Lake of the Ozarks is especially suited for solar, and lakefront homeowners are discovering it.
by Kate Robbins & Nathan Bechtold
The Lake was built for energy. While Union Electric figured their new lake would have recreational potential, they were primarily focused on the hydroelectric dam that would create it. Nearly a century later, the dam is still powering Missourians’ homes, but many Lake of the Ozarks homes are tapping into a new source of electricity: the sun. Springfield-based Sun Solar has been serving central Missouri’s solar needs since 2012, and energy consultant Randy Grommet says lakefront homeowners are seeing the light.
“It’s one of the few things that you can permanently make yourself inflation-proof on,” said Grommet, who has been involved with solar since 2007. In 2009, he started his own solar company, grew it, and sold it. Now he lives at Lake of the Ozarks — and has solar on his boat dock — and helps homeowners and businesses save money by going solar. “You can lock in the cost of what you’re paying for electricity for the rest of your life,” he explained.
Grommet says he’s finding churches and nonprofit organizations are increasingly interested in solar; he says it means “instant savings” for those organizations, as their payment on their solar system (which is designed to offset all their energy usage) is often significantly lower than their monthly electric bill. “A few [nonprofits] that I went back to recently to check on, they were saving like 10 percent versus what they’d been paying for electric,” he said. He loves introducing those organizations — which often have sizable facilities and run on tight budgets — to those kinds of savings.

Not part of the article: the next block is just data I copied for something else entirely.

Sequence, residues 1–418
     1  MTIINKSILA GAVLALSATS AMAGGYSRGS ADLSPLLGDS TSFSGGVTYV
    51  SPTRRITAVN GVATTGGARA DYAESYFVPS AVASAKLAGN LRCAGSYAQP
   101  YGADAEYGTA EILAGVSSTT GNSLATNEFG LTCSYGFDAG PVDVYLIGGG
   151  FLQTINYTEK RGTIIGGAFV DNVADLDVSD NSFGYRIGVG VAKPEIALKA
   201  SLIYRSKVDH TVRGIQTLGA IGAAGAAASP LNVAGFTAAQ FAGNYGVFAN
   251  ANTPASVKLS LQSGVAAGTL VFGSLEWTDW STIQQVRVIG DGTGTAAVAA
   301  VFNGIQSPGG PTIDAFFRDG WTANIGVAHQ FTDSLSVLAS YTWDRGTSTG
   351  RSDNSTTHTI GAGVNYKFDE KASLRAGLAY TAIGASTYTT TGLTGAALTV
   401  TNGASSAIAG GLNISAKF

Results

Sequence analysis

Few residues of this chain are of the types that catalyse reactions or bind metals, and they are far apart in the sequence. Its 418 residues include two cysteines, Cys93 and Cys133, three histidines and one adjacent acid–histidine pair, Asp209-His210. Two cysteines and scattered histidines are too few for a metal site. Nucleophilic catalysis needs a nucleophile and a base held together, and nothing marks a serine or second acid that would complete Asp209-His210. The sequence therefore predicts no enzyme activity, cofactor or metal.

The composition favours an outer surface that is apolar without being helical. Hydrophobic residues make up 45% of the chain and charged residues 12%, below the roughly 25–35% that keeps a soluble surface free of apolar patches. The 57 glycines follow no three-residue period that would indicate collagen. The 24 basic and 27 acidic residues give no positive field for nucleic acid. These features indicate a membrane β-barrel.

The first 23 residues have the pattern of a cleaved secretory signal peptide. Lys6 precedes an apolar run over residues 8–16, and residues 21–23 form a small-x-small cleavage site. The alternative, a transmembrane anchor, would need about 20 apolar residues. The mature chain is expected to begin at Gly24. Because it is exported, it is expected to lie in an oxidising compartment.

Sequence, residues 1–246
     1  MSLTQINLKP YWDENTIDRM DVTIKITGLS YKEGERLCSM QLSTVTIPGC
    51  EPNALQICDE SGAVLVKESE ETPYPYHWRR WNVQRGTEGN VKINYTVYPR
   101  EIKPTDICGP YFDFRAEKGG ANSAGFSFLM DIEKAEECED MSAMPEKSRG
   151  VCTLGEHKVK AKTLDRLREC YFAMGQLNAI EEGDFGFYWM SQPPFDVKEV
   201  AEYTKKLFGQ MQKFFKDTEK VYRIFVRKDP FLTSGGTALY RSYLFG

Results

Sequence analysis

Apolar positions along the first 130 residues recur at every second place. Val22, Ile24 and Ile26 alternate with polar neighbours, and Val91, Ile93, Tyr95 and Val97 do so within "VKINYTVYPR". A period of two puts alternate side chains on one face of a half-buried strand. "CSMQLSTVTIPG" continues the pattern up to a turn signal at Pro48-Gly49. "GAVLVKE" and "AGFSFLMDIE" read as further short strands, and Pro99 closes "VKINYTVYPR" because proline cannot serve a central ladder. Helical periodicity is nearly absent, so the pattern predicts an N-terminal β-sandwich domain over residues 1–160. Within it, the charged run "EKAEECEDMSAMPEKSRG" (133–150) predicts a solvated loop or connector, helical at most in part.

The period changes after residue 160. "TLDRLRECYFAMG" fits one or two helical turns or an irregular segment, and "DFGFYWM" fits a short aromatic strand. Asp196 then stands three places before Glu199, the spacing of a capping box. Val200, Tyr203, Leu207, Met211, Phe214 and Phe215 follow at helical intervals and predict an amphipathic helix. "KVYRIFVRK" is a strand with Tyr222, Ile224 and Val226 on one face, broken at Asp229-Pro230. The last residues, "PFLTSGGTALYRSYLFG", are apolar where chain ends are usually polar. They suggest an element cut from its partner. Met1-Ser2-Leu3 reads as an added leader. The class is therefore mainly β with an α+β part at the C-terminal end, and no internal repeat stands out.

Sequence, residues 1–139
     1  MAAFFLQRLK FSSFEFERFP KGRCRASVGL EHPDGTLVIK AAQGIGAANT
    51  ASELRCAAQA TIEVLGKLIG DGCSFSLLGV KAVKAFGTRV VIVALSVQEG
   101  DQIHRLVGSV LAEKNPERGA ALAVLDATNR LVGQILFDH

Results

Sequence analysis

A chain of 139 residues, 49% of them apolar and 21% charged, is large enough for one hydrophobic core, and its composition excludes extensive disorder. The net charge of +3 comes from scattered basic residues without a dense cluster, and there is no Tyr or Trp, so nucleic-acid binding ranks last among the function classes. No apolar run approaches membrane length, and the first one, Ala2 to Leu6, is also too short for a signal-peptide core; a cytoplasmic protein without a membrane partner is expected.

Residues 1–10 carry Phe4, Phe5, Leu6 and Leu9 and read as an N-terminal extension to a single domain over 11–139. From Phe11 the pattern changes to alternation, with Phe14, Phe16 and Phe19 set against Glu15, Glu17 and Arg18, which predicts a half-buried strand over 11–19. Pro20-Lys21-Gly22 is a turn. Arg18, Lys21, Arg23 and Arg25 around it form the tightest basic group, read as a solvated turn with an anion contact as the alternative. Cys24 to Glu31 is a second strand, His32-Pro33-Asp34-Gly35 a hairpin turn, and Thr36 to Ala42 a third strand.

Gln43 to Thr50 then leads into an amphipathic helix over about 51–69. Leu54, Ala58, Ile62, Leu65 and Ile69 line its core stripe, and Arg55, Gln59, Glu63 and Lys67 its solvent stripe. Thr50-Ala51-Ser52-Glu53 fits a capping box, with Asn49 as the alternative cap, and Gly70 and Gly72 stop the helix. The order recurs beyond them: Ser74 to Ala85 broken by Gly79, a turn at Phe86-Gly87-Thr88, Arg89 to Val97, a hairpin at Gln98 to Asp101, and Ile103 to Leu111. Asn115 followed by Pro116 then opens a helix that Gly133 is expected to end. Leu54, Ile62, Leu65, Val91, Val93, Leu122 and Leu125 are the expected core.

“You can lock in the cost of what you’re paying for electricity for the rest of your life!”
Sun Solar has installed more than 160,000 solar panels over the course of the company’s history. These solar panels have resulted in more than $9 million in utility bill savings for Sun Solar customers. The company is finding as the Lake’s population grows, and many former urban dwellers arrive on its green shores, more and more new homeowners are interested in solar.
Lake of the Ozarks is perfectly suited for solar panels in more ways than one: second-homeowners who rent their home to vacationers are especially good candidates for solar. Grommet pointed out, “For anybody that has a second-home that they use as an AirBnB — those [renters] are not mindful of electricity usage — solar is awesome!” That’s because solar panels are cranking out the most energy in the peak of summer: also the peak of tourist season. For systems hooked into the grid, Missouri utility companies offer an energy credit if a homeowner’s solar panels generate more electricity than the home uses. The surplus power goes back into the grid, and the company credits the homeowner’s bill: then, in the lower-generating winter months, those credits help cover any extra electrical usage.
Grommet also points to the significant tax credits and rebates for households considering solar panels: they can help defray the cost of installation, the structure and the panels themselves. Uniquely at Lake of the Ozarks, docks and dock roofs are ideal structures for panels, since they’re in full-sun and homeowners don’t have to choose between solar panels or shade trees around the house. “If you have a boat dock, it’s the one place that’s never in the shade,” Grommet noted. (Contact him for more information about tax credits and other financial incentives, which are subject to change.)